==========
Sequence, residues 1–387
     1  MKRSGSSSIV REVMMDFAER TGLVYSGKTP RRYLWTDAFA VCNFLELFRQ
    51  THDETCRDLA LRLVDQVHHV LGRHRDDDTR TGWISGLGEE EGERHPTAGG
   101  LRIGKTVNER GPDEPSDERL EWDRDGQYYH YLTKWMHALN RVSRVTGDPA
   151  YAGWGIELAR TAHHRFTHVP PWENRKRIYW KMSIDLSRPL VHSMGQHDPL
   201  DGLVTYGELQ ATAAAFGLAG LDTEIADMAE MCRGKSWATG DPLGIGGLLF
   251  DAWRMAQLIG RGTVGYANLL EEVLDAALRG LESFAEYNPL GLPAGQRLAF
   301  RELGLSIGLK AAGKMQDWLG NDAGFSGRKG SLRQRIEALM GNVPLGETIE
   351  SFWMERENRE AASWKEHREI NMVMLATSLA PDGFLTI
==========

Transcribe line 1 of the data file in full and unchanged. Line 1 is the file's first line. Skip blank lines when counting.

Sequence, residues 1–387